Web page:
The stereotype about adult kids still living in their parents’ basement has become a sobering reality for many families. Thirty-six percent of American millennials ages 18-31 were living with their parents last year, Pew Research found, including 56 percent in the 18-24 age group and 16 percent ages 25-31. Forty-five percent of these were unemployed. This is an increase from the number of millennials living at home during the economic downturn of 2007 to 2009. If your family is experiencing this trend, you can help get your adult child out of your home and onto his own feet.
Plan a Transitional Budget
Bad financial planning is a cross-generational problem contributing to the number of millennials living at home. Half of Americans of all ages have no formal financial goals, according to Northwestern Mutual’s Planning & Progress 2013 report. Lack of time is the leading reason among all age groups and especially among millennials—38 percent say they’re too busy to think about long-term finances.
Encourage your child to create a budget that covers his long-term needs. This can help him prepare to pay for his own place. To help initiate a serious conversation, ask him how he plans to pay for his living and retirement expenses after you’re gone. Set a good example and drop a hint by reviewing your budget with him and make him aware of how his living expenses fit into yours. Let him know how much he’d normally be paying for rent or mortgage, and charge him at least a portion—this will help him get in the habit of budgeting monthly expenses.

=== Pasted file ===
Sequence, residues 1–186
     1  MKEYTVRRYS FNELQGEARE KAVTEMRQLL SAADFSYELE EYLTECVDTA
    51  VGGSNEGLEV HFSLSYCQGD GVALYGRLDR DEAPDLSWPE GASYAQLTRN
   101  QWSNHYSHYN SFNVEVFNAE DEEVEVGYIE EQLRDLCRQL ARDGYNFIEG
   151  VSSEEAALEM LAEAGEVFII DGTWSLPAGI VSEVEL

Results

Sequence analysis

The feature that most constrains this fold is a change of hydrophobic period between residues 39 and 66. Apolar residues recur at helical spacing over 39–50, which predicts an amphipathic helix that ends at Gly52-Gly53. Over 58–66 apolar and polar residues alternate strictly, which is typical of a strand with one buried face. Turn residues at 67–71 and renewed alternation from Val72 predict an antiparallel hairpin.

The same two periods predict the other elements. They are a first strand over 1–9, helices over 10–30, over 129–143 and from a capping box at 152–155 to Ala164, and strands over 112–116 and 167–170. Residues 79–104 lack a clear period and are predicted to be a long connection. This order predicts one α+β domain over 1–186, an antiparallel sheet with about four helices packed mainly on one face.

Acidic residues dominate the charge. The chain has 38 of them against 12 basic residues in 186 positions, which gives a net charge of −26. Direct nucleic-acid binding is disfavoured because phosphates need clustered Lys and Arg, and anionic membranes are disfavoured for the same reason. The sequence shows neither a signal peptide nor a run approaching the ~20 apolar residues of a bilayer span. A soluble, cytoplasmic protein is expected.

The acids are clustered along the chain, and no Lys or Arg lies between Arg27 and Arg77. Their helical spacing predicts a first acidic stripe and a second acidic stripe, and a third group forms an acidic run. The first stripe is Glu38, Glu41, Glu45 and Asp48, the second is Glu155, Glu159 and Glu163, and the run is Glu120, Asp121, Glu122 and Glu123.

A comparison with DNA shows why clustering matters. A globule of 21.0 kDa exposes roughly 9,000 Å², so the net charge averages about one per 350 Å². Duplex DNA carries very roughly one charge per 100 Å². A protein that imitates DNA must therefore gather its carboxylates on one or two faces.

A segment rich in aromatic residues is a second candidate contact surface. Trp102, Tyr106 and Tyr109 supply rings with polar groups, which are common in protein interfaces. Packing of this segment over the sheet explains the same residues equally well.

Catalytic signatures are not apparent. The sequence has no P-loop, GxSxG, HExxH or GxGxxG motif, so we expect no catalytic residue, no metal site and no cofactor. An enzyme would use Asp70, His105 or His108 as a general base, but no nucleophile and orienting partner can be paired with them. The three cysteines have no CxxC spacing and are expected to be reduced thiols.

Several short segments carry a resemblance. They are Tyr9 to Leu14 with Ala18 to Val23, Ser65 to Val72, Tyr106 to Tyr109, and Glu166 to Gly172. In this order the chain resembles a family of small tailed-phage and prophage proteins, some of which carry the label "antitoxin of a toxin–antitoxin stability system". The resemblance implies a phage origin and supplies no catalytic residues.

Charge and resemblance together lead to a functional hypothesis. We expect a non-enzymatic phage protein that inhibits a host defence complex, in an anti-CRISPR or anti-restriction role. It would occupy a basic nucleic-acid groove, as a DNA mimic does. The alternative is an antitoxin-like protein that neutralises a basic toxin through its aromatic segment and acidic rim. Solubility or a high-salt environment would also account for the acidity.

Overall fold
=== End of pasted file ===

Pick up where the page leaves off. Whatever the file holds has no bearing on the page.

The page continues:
Help Him Increase His Income
Fifty-six percent of millennials earn under $30,000 a year, and the percentage earning below $10,000 ranges from 19 percent among whites to 23 percent among Latinos and 32 percent among African-Americans, according to a joint study conducted by Demos and Young Invincibles. In order to afford his own place, your millennial may need more income.
Point him in the right direction. He can find a career counseling center through Goodwill Industries or use an online resource such as JobHuntersBible.com. He may be able to get in touch with a career counselor through his former school, too. If your millennial is living at home due to an injury and receives regular payments from a structured settlement, he may be able to sell his structured settlement payments to J.G. Wentworth for a lump sum of cash now. This might be the boost he needs.
Start a Savings Plan
Financial experts agree that building an emergency savings fund is a fundamental step toward financial independence. Conventional wisdom recommends saving three to six months of living expenses, but in today’s economy, nine to 12 months is safer, according to National Foundation for Credit Counseling expert Gail Cunningham.
You can help start your millennial’s savings fund with a birthday gift or small monthly deposit into a savings account. Or, you might make depositing his own regular contribution a condition of living with you. This will help him save the funds he needs to pay rent or mortgage when he moves out.
Stephan Whittle is a native New Yorker, Steve is a work-from-home financial consultant and father of twin girls.